Gold Creek Foods in Dawsonville is searching for an individual they say deposited chicken parts on the playground of Robinson Elementary School last month.
Representatives of the poultry processing plant, which is located on Hwy. 9 North adjacent to the elementary school, are offering a $5,000 reward for “information leading to identification and arrest” of an individual they claim deposited poultry parts on the playground on or around April 11 or April 12 and again on or around April 14.
An ad the plant took out in this week’s paper states that “the person(s) are believed to have been doing so to wrongfully implicate Gold Creek Foods as the source of these parts.”
Gold Creek Foods also provided an image of a person of interest.
The ad states that tipsters will remain anonymous and can call Matthew Johnson at (678) 928-6970 ext. 4043 or send an email to email@example.com.
In March, Gold Creek Foods came under fire after a chemical spill at the plant contaminated a nearby creek, causing the death of numerous fish and other wildlife. Gold Creek Foods did not notify authorities of the spill, which was discovered by City of Dawsonville Employees two days later.
Representatives with the Georgia Department of Natural Resources Environmental Protection Division are still investigating the circumstances of the spill and its impact on the creek, which runs into Shoal Creek and the Etowah River.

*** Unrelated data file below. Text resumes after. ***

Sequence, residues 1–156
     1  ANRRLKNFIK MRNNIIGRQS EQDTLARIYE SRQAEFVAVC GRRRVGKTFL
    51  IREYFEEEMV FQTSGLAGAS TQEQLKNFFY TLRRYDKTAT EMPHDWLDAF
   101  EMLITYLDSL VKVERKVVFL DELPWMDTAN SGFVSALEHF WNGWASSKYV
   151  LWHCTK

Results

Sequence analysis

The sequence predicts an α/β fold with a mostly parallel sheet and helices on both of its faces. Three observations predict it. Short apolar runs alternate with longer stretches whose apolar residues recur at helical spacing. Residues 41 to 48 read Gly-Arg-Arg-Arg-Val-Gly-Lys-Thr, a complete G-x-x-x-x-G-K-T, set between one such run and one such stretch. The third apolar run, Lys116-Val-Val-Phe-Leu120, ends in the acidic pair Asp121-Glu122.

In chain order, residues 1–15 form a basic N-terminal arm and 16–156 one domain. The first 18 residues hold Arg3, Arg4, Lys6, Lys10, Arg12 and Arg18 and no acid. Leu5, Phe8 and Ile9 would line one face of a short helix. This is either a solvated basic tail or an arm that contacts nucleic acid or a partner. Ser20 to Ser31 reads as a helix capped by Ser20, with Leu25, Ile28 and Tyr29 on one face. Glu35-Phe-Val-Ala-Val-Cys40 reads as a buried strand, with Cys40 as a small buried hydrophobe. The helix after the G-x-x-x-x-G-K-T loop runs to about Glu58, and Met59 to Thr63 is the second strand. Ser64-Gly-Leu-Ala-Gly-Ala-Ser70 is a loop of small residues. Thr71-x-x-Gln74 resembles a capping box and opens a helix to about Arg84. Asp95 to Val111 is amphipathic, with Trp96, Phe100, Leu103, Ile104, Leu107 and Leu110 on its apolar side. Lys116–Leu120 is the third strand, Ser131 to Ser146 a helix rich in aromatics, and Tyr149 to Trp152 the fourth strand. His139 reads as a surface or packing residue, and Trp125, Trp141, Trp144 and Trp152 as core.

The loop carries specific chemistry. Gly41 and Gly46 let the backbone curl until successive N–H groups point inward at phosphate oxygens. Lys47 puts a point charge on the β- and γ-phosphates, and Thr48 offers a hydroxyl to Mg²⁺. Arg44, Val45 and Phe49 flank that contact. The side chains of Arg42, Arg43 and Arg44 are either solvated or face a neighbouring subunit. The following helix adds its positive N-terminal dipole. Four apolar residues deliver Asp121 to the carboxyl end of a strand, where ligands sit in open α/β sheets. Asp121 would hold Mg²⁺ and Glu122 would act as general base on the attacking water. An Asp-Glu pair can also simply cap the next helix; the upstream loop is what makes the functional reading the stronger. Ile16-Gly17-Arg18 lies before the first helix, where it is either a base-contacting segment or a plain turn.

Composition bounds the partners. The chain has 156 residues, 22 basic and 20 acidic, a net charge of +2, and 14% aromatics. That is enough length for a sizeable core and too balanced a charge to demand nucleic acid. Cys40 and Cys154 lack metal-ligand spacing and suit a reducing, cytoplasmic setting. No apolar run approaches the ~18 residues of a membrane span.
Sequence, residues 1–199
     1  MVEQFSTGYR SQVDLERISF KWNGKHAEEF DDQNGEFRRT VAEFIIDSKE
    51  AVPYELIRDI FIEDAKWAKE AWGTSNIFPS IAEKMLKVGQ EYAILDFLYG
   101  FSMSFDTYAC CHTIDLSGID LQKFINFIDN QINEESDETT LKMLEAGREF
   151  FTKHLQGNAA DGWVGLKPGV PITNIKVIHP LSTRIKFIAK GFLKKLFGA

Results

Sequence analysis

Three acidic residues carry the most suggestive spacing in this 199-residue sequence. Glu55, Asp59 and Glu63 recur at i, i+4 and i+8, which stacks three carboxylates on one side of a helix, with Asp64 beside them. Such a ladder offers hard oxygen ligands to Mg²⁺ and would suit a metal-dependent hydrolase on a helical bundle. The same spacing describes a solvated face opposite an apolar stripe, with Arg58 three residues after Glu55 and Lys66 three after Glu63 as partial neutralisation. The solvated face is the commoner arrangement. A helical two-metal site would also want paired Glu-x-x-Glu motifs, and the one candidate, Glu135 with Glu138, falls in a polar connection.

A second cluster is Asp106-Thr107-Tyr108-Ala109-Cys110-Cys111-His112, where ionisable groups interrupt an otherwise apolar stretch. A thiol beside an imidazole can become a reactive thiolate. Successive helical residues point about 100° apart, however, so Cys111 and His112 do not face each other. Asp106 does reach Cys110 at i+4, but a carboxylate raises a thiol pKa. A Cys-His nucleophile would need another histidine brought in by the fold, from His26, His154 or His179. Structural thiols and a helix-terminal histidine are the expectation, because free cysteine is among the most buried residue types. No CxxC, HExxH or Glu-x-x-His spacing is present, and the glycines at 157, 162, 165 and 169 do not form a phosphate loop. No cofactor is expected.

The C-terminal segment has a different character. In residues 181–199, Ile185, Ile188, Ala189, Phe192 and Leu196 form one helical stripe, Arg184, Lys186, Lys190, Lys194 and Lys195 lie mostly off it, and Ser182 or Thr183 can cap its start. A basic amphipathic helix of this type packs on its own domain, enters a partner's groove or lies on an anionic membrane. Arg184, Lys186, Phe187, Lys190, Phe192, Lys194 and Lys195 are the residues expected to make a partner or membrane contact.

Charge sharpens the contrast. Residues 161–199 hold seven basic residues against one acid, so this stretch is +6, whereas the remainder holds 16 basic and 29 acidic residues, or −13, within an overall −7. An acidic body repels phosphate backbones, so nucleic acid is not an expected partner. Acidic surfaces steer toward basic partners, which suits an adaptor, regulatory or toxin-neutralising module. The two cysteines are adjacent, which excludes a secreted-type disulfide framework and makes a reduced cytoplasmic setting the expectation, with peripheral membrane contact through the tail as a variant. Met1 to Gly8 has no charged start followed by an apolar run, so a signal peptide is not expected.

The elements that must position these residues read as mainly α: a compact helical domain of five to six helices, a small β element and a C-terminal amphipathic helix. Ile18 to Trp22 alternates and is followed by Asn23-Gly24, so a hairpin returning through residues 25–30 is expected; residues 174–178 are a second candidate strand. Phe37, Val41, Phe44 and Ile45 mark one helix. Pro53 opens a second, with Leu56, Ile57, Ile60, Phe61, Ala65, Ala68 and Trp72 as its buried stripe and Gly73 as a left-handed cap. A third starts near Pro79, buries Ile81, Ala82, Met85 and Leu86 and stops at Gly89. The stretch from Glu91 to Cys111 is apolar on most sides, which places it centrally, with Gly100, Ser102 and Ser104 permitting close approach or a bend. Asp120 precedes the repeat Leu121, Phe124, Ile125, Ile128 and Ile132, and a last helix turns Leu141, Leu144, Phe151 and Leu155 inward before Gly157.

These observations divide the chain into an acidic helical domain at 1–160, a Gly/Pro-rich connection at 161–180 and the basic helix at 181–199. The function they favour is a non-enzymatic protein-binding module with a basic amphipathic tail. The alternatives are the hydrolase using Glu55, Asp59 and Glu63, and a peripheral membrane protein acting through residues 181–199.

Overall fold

The school playground was closed Friday, March 23 so that soil tests could be performed to determine if the chemical spill had reached the school grounds. Superintendent Damon Gibbs said the following Monday that results indicated the playground was not affected by the spill and was safe for the students to use.
Gibbs said in an email Tuesday afternoon that after EPD representatives conducted their initial investigation of the chemical spill, they asked the school system to make them aware of anything out of the ordinary.
“A few days later there were a few random poultry parts found on the playground,” Gibbs wrote. “We were instructed by the EPD to clean them up and report any recurrence. We were also cleared to use our playground for student recess.”
Gibbs said the incident was not reported to the police.
This is not the first time the plant’s close proximity to the school has caused issues.
In August of 2013, Gold Creek Foods received notice from the EPD for failing to contain water containing “blood and high biological content” that dripped off trucks when workers loaded and unloaded at the plant. The contaminated stormwater ran above ground onto Robinson Elementary School property and caused the school to close its outdoor classroom and garden.
Gold Creek Foods was required to install a drainage pipe that “eliminated contact between poultry by-products and stormwater” as well as a second drip pad to catch runoff from the trucks.